The governor restored funding for Early Childhood Education after a back and forth with the legislature. But the delay means a program for low income families will be late to start in Haines and Kodiak this year.


Governor Mike Dunleavy agreed to fund the state’s early education programs, but he waited until after the start of the state’s fiscal year. That means some programs are still waiting on state funding.

The Parents as Teachers, or PAT, program in Haines and Kodiak is among them. PAT is an education program for parents.

“Parents are the primary educators of children for five or six years,” said Patrick Anderson, the CEO of Rural Alaska Community Action Program, or RurAL CAP. It’s a non-profit that organizes PAT programs in rural communities across the state.

“The amount of time and effort that a parent puts into a child gets paid back in adulthood,” he added.

The PAT program’s goal is to give parents the tools to teach their kids even before formal preschool and kindergarten starts. Anderson says these skills help address income disparities and fill gaps in early education.

Several communities have PAT, but the Haines and Kodiak programs would have been cut as a result of the governor’s vetoes. That’s why they’re the only ones starting late.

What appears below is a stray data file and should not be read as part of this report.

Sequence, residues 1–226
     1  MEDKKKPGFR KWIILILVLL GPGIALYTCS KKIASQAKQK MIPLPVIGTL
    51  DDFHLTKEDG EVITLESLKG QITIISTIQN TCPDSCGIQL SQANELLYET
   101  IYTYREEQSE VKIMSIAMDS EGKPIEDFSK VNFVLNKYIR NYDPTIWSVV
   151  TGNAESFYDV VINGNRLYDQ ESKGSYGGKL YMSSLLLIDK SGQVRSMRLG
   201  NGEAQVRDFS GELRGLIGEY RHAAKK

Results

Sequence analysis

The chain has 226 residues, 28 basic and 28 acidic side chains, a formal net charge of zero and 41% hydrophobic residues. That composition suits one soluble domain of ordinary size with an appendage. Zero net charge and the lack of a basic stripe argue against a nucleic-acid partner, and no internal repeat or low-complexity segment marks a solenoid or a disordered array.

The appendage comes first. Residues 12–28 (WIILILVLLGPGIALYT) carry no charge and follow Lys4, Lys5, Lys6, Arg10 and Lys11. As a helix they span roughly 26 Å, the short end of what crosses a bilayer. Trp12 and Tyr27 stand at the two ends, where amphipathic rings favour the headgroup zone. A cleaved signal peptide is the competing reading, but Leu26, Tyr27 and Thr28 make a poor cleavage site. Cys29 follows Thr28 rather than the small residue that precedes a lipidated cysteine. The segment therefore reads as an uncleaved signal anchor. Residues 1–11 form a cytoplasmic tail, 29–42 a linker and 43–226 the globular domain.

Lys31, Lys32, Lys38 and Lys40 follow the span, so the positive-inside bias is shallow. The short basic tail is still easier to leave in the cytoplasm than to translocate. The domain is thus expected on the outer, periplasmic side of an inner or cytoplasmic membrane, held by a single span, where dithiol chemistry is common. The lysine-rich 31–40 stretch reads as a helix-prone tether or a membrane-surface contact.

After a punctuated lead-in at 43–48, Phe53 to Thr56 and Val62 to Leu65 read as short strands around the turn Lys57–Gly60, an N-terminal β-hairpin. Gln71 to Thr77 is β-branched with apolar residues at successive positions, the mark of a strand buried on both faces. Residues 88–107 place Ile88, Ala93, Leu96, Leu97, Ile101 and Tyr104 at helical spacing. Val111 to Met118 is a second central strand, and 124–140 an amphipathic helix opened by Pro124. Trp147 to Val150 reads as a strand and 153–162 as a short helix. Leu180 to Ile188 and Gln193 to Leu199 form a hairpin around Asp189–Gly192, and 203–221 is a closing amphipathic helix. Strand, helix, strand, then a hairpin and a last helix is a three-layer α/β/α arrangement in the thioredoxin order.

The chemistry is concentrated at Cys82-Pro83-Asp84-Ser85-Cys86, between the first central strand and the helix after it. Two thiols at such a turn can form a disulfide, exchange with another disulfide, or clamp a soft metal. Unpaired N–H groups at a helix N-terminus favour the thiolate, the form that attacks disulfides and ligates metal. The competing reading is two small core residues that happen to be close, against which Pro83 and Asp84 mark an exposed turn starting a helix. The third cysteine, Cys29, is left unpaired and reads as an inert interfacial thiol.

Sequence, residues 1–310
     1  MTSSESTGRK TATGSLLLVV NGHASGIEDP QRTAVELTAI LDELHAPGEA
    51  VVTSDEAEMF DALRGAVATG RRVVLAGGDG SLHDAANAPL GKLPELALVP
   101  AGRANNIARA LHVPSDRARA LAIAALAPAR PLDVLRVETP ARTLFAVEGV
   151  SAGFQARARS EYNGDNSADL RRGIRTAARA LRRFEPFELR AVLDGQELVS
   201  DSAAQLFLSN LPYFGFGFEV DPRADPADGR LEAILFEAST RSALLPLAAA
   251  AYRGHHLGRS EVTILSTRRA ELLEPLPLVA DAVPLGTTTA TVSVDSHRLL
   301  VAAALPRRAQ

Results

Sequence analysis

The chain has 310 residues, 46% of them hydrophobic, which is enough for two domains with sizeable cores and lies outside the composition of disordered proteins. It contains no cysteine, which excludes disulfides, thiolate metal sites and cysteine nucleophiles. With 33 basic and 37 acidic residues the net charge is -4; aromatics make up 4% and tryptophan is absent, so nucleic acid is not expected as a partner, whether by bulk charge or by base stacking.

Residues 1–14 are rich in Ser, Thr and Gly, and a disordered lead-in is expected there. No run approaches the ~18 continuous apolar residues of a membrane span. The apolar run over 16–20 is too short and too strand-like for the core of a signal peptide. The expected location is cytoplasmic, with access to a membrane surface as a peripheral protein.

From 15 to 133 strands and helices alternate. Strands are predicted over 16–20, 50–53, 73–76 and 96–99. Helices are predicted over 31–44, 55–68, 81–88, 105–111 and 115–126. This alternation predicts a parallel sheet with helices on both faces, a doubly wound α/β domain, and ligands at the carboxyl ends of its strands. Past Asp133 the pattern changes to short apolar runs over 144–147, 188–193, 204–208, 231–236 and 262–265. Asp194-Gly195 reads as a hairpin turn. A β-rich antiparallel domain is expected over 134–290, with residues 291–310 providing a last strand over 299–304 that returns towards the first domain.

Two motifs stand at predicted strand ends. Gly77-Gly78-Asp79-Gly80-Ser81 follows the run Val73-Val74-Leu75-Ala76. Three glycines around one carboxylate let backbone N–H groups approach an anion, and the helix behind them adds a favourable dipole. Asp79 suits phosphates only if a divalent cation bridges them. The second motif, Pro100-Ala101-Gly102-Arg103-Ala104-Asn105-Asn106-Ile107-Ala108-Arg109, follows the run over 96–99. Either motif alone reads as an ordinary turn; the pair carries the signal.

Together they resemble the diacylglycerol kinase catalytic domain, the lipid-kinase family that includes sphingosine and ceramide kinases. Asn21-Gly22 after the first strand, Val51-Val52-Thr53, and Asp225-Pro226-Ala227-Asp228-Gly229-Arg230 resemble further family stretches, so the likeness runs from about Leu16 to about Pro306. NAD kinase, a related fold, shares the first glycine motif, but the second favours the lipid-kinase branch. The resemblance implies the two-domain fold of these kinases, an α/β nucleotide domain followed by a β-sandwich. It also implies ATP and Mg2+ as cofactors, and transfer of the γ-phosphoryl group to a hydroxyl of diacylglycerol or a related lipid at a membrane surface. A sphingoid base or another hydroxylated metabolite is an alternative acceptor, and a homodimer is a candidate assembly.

“Until we get the funding we can’t hire back our staff or commence operations,” said Anderson.

Federal funding for the program is in. But RurAL CAP doesn’t have any state money for the PAT program because they have to re-apply for state funding. The state hasn’t released the application materials yet. Anderson says he doesn’t know when they plan to do so.

Haines resident Kim Phillips is one of the staff that’s waiting to resume her job.

“I’m really looking forward to getting back to work and seeing the kids and families again,” she said.

Phillips has worked for the PAT Program as a home visitor and supervisors for over a decade. She meets with families twice monthly from pregnancy until the child is three years old.

“When I visit families, I build on strengths. That’s what I love about my job is just that every family has strengths and people really need to hear what they’re doing right,” said Phillips.

Her work serves twenty local children. She says she brings activities for families to do together on her house visits. She says the kids are always excited to see what she has for them in her backpack.

“They love it when I come because I’m there to concentrate on them for the time that I’m there,” she said.

RurAL CAP and home visitors like Philips are waiting on the state so they can get back to work.